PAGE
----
On the morning of Dec. 1 it had to be hard for everyone in the Army of Tennessee, from the commanding general to the drummer boys, to escape the reality that Hood had absolutely wrecked his army. 13 generals and half the field officers had become casualties. They had a brigade that was being led by a captain for God’s sake! Hood had not achieved his goal of destroying Schofield before he could link up with Thomas at Nashville. That ship had sailed. What could possibly be gained by continuing on to Nashville, to fight an army twice as big, behind more formidable fortifications? Does a boxer get the stuffing beaten out of him by a non-contender and wake up the next morning and say “I am ready to take on the champ?” I believe that Hood’s assault at Franklin stood a much better chance of success than any he could have hoped for at Nashville. That is a nice way of putting it. Another way would be that Hood’s decision to continue on to Nashville, to provoke a battle that could have only one outcome, demonstrated a complete disregard for the lives of his men that I find to be not simply irresponsible but unforgiveable.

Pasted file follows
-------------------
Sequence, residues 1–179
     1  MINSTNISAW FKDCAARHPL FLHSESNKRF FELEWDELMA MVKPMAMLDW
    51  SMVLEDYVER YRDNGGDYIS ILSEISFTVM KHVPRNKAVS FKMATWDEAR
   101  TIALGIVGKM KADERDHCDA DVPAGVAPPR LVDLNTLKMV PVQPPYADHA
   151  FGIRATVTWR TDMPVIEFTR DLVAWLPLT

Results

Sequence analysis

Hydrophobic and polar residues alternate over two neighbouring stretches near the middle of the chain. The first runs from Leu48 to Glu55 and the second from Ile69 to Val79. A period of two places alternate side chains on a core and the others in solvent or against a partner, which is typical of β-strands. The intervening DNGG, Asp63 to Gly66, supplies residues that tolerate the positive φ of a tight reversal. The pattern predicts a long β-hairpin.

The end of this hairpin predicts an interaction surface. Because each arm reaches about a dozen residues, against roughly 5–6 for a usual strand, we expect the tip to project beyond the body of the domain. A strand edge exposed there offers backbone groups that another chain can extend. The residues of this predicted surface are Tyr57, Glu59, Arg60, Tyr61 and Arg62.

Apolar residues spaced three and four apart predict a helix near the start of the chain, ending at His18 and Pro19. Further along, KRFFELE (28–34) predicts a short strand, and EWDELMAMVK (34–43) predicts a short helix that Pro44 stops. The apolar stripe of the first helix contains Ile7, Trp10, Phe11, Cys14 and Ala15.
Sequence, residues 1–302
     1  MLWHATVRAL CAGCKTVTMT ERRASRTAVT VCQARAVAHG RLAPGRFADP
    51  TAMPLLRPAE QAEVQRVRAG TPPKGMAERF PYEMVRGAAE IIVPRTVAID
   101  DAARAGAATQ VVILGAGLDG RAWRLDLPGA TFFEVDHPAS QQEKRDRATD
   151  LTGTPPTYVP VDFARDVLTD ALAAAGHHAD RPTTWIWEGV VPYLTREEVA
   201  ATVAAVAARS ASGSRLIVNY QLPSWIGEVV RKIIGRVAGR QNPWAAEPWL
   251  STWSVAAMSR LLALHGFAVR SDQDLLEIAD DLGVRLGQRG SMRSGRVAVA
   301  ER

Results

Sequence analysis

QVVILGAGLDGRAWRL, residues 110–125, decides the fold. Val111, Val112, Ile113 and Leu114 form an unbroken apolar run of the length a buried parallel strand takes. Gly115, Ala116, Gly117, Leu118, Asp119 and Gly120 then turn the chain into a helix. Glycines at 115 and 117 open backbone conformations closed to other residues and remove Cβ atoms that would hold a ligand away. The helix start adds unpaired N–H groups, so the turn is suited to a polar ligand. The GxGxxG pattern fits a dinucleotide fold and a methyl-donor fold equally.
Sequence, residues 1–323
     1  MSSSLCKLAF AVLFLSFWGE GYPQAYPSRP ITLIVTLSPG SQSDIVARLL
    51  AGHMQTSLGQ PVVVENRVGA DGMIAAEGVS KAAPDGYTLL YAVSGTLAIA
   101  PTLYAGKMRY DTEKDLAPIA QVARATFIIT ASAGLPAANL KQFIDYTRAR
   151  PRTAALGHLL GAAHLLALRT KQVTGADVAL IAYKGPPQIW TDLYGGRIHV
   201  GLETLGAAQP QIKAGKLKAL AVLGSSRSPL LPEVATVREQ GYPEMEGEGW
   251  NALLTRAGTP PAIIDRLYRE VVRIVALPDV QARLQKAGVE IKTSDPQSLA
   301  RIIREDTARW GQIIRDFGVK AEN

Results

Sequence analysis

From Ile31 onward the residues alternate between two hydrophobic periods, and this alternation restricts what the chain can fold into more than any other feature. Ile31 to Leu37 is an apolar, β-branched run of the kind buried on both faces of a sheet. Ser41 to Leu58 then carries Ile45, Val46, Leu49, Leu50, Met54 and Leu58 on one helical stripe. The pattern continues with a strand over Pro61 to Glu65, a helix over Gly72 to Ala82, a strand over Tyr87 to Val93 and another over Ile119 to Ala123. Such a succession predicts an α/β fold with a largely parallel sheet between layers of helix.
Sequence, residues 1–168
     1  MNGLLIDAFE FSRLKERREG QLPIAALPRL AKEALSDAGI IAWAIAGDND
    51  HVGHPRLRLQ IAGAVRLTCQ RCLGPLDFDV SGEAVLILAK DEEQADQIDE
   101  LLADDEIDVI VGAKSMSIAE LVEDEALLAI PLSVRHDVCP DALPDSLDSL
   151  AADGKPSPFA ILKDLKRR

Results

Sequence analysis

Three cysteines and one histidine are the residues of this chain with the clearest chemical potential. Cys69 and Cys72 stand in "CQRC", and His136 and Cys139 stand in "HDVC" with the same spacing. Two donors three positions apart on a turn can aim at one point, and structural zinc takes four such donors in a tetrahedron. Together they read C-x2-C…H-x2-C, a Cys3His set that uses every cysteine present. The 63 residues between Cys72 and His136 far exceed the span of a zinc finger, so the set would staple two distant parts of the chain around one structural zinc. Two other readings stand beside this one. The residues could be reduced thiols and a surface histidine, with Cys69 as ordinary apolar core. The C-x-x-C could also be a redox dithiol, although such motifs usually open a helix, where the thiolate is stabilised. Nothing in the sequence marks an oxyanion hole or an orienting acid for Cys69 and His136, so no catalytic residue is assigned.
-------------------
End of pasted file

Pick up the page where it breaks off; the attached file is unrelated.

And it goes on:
17. Donald Sensing

    I am a Nashville native and lived in Franklin for 12 years. Agree with your assessments of Hood’s blunders, and blunders they certainly were. Hood was unfit for command by this stage in the war. Any of his directly subordinate generals would have been a better choice.

    As for the other issues you raise: Of my ancestors of the Civil War years, some served in the Union army and some the South’s. Two observations:

    1. To defend the South’s cause is to defend the absolutely indefensible. The South seceded over slavery, period. Read the original secession resolutions, starting with South Carolina’s, the first state to secede. Its resolution discusses nothing but slavery as its cause to secede. The Confederacy fought to preserve slavery, period. All this “states rights” stuff is absent from the southern states’ prewar ruminations. It’s a postwar apologists’ invention. Even the northern-voted tariffs that Southern apologists offer don’t wash as part of the casus belli, since the South, mainly S.C., wrote the Congressional enactments for the tariffs in the 1850s.

    2. The severity with which Lincoln fought the war is also indefensible. In fact, Lincoln’s body of political idealizations of the union of the states is indefensible. It certainly was not based upon the Constitution, which Lincoln himself freely admitted. The more I have studied Lincoln, the less enamored and more horrified of him I become. He was the closest thing to a despotic dictator this country has ever come.